Investigating the ROM and RAM

A project log for Anatomy of a Philips VideoWRITER

I tear down an old Philips VideoWRITER to see how it works

maarten-janssenMaarten Janssen 07/09/2017 at 17:480 Comments

Continuing my VideoWRITER autopsy, this time I want to learn more about its memory configuration. Last time we already saw that the system holds 16kb of RAM and a total of 64kb of ROM, leading me to believe that we may also find some bank switching circuitry today. I did some poking around with my multimeter on continuity to trace the various signals and drew some schematics on paper.

Chip Selects

I will start by reverse engineering the chip select lines of the memory. This should give us a rough idea of the system's memory map as well since usually a particular memory chip is selected based on its address in the memory map. I will start from the /CE pin of ROM A. Running the other probe of my multimeter along the pins of other chips on the board until I hear a beep. And hey, what do you know it starts beeping at the output of an AND gate. Now to trace the two inputs of this gate... Turns out they go to two outputs of an 74139 (a 1 out of 4 selector).

The 139 has A14 and A15 from the CPU as its address inputs, so this means that the memory is divided up into four blocks of 16kb. The /E (enable) line of the 139 goes to the CPU's /M (memory select) line, so the 139 is active when the CPU wants access to the memory. After tracing the circuit I come to the following memory map in the table below. ROM A is active when either /Q1 or /Q2 of the 139 is active, ROM B is active on /Q2 and the RAM on /Q3, but the RAM is not as straightforward as the ROMs. More on that later...

A15 A14 Memory
0 0 ROM A
0 1 ROM A
1 0 ROM B
1 1 RAM

The Address Bus

Address bus schematic

Let's now take a look at the address bus of the VideoWRITER, because it's a bit more involved than that of a normal Z80 system. As I noted last time the NSC800N shares the lower half of its address bus with its data bus. So in order to separate the two what they did was use a 74373 (an 8-bit latch) to hold the lower 8 bits of the address bus. The inputs of the 373 connect to AD0 through AD7 of the CPU and the CPU's ALE line is connected to the latch pin of the 373. Thus when the CPU's Address Latch Enable line goes high the lower half of the address is copied into the 373. The /OE of the 373 is tied to ground, so it's always holding the current address on its output.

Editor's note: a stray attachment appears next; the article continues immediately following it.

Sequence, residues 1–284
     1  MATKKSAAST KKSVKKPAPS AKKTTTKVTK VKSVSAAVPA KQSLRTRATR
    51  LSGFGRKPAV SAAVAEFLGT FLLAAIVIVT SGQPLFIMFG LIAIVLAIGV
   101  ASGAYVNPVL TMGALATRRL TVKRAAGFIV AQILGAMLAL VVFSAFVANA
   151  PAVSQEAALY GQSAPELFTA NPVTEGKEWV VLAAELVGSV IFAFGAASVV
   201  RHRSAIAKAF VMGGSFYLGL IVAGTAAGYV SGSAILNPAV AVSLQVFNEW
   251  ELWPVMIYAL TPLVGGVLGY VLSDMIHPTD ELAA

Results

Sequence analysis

From now on I will refer to the address bus as the combined output of the 373 and upper address lines of the CPU as A0 through A15.

ROM Addresses

Now we know how the address bus is set up we can take a look at how the ROMs are connected. Starting with ROM A we find nothing unusual. A0 through A14 are tied together as you'd expect. For ROM B A0 through A13 are tied to the address bus, which makes sense since it can only use 16kb according to the memory map we found earlier. What about A14? Does it go to Vcc or ground to disable one half of the memory? Nope. It goes to pin 39 (PC2) of the D8156 IO controller. That means that the upper and lower 16kb of ROM B can be exchanged in software and the bank switching mystery is solved :).

RAM Addresses

This is going to be the complicated part of this log. We saw that the VideoWRITER uses two 16k x 4 DRAM chips for its RAM. We also saw that in order to make a full 8-bit data bus one chip serves the upper four bits and the other the lower four. This means that all the signals going to the chips are the same for both.

To select an address of these DRAMs you need to first select a row address, followed by a column address. In this design this is implemented using two 74157s (2 to 1 line data selectors). These are used to output the row or the column address depending on the select input. To know when the row or column is selected we have to go back to schematic 1. Above the RAM /WR output you see that there is another output going to the select line of the first 157. Following the logic gates from the schematic, worked out below, we can deduce that when /Q3 is low a column address is selected and when /Q3 is high a row address is selected.

/Q3 /RD /WR Select
0 0 0 0 Impossible state
0 0 1 0
0 1 0 0
0 1 1 0
1 0 0 1 Impossible state
1 0 1 1
1 1 0 1
1 1 1 1

RAM address construction

When I was tracing the outputs of the 157s I found that only 6 out of 8 are being used as addresses MA1 through MA6 of the DRAMs and that MA0 and MA7 of the DRAMs are connected to A6 and A7 of the address bus. These 48416 DRAMs have 8 rows and 6 columns, so only 6 lines need to be switched and the two remaining lines can be connected statically to the address bus since they do not affect the column selection.

What surprised me most was the order in which the address bus lines are connected to the DRAM's address lines. There seems to be no logic there looking at the row / column map I drew in the schematic. Still it works fine. The data ends up in RAM albeit not as a neat continuous stream.

Another thing I found interesting about how these 157s are used is how the select line of the first 157 cascades through the schematic to form the select line of the second 157 (through output 4y) and finally the /CAS line of the DRAMs through 4Y of the second 157.

RAM pinout

The DRAMs have no separate /CE line like the ROMs. As far as I understand DRAMs these chips are able to read or write when their /CAS is low. Looking at the logic from schematic 1 this is exactly what it does since when /Q3 is low /CAS will be low as well. The row address of the RAM is set when the CPU's ALE is low and when the CPU is not being reset.

I think that about covers the way they implemented the VideoWRITER's memory. Next time let's do the same for the IO.